PyPI Stats

All stats below are based on information retrieved from PyPI (the Python Package Index).

There are a few limitations on the information that can be retrieved from PyPI:

  • Some historical data may be lost if a package author have removed a released package from PyPI.
  • If a package hosts it's release files in an external location (not at PyPI), this release is not computed in our stats.

Data last updated on 2017-07-11

Total number of package releases per month

The orange bars in the chart show the growth in percentage relative to same month of the previous year.

Vertical markers shows the date of new Python releases.

PyPI was created in 2005 and the number of releases is still growing exponentially!

Number of new packages created per month

Here, we consider only the date a package is created - the date of the first release of each package.

Contrary to what some feared, the introduction of Python 3 seems to had no negative influence in the growth of Python community during the "transition" phase.

Python version supported by packages

The classification of which version each package supports is based on trove classifiers from package metadata.

Values are in percentage for the given month.

Here, only the last release of a package is considered. So be careful before taking conclusions on past data.

The use of trove classifiers to indicate supported version started in 2008, its usage is growing but more than 40% of packages still do not use it.
While the proportion of python2-only is stable, the number of python3-only and specially python2 and python3 is growing.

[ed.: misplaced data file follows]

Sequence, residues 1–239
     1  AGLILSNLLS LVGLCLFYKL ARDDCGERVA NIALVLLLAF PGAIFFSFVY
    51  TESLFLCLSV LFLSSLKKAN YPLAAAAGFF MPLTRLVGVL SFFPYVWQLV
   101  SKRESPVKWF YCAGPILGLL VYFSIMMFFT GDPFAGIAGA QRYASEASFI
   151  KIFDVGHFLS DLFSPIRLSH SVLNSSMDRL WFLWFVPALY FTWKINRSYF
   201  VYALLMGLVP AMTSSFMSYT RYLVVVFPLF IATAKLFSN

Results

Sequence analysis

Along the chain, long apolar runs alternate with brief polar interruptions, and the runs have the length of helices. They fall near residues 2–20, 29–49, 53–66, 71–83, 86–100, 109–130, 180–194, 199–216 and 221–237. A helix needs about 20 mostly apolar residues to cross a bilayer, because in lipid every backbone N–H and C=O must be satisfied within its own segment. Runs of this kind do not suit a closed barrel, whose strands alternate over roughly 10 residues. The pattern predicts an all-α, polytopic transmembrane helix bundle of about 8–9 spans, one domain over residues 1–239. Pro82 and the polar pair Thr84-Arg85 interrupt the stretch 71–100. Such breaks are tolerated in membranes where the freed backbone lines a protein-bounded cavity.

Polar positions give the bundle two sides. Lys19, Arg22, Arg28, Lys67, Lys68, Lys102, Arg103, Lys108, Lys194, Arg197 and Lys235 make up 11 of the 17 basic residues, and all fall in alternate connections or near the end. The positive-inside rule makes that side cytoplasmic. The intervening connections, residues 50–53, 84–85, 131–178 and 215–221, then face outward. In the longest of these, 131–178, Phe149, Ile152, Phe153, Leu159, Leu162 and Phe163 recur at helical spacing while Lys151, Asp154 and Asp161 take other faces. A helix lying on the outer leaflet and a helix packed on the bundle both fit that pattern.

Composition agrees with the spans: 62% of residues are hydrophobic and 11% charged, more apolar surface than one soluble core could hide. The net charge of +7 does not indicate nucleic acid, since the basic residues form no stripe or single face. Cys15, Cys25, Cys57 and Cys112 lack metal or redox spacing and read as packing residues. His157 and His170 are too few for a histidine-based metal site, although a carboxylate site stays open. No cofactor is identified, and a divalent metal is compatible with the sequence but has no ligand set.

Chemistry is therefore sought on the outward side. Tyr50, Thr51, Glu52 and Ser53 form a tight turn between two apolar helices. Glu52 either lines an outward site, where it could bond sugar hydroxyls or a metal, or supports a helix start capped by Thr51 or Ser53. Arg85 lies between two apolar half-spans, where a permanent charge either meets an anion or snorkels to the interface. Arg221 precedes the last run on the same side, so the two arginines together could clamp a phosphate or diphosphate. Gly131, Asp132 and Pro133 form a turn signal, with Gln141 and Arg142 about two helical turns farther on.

Compare this with the proportion of downloads.

Keywords

Most popular keywords used to describe packages (as set by package authors).

Package grouped by age

For some kinds of stats it makes sense to divide the packages into groups based on its age. I.e. older packages are expected to have made more releases that young packages.

The young packages are divided in periods of 1.5 year. This is somewhat arbitrary, it was chosen to reflect the release cycle of the Python language.

More than 40% of the packages were created in the last year and a half.

Releases per package

Percentage of number of releases in the given package age cohort.

Around 25% of packages makes only one release. And only 50% makes more than 3 releases.

Interval between releases

Interval (in months) between two consecutive releases of a package.

Results are displayed in accumulated percentage of all releases of all packages.

I.e. month 3 shows percentage of all releases that were done in 3 months or less since the previous release of the package

Less than 2% of all releases are done after 1.5 years since the previous release.

Package maximum release interval

Here we take in consideration only the longest interval between releases from each package.

Packages are divided in groups based on its age.

For packages that are older than six years, up to 10% of packages make new releases after 3 years or more of inactivity!

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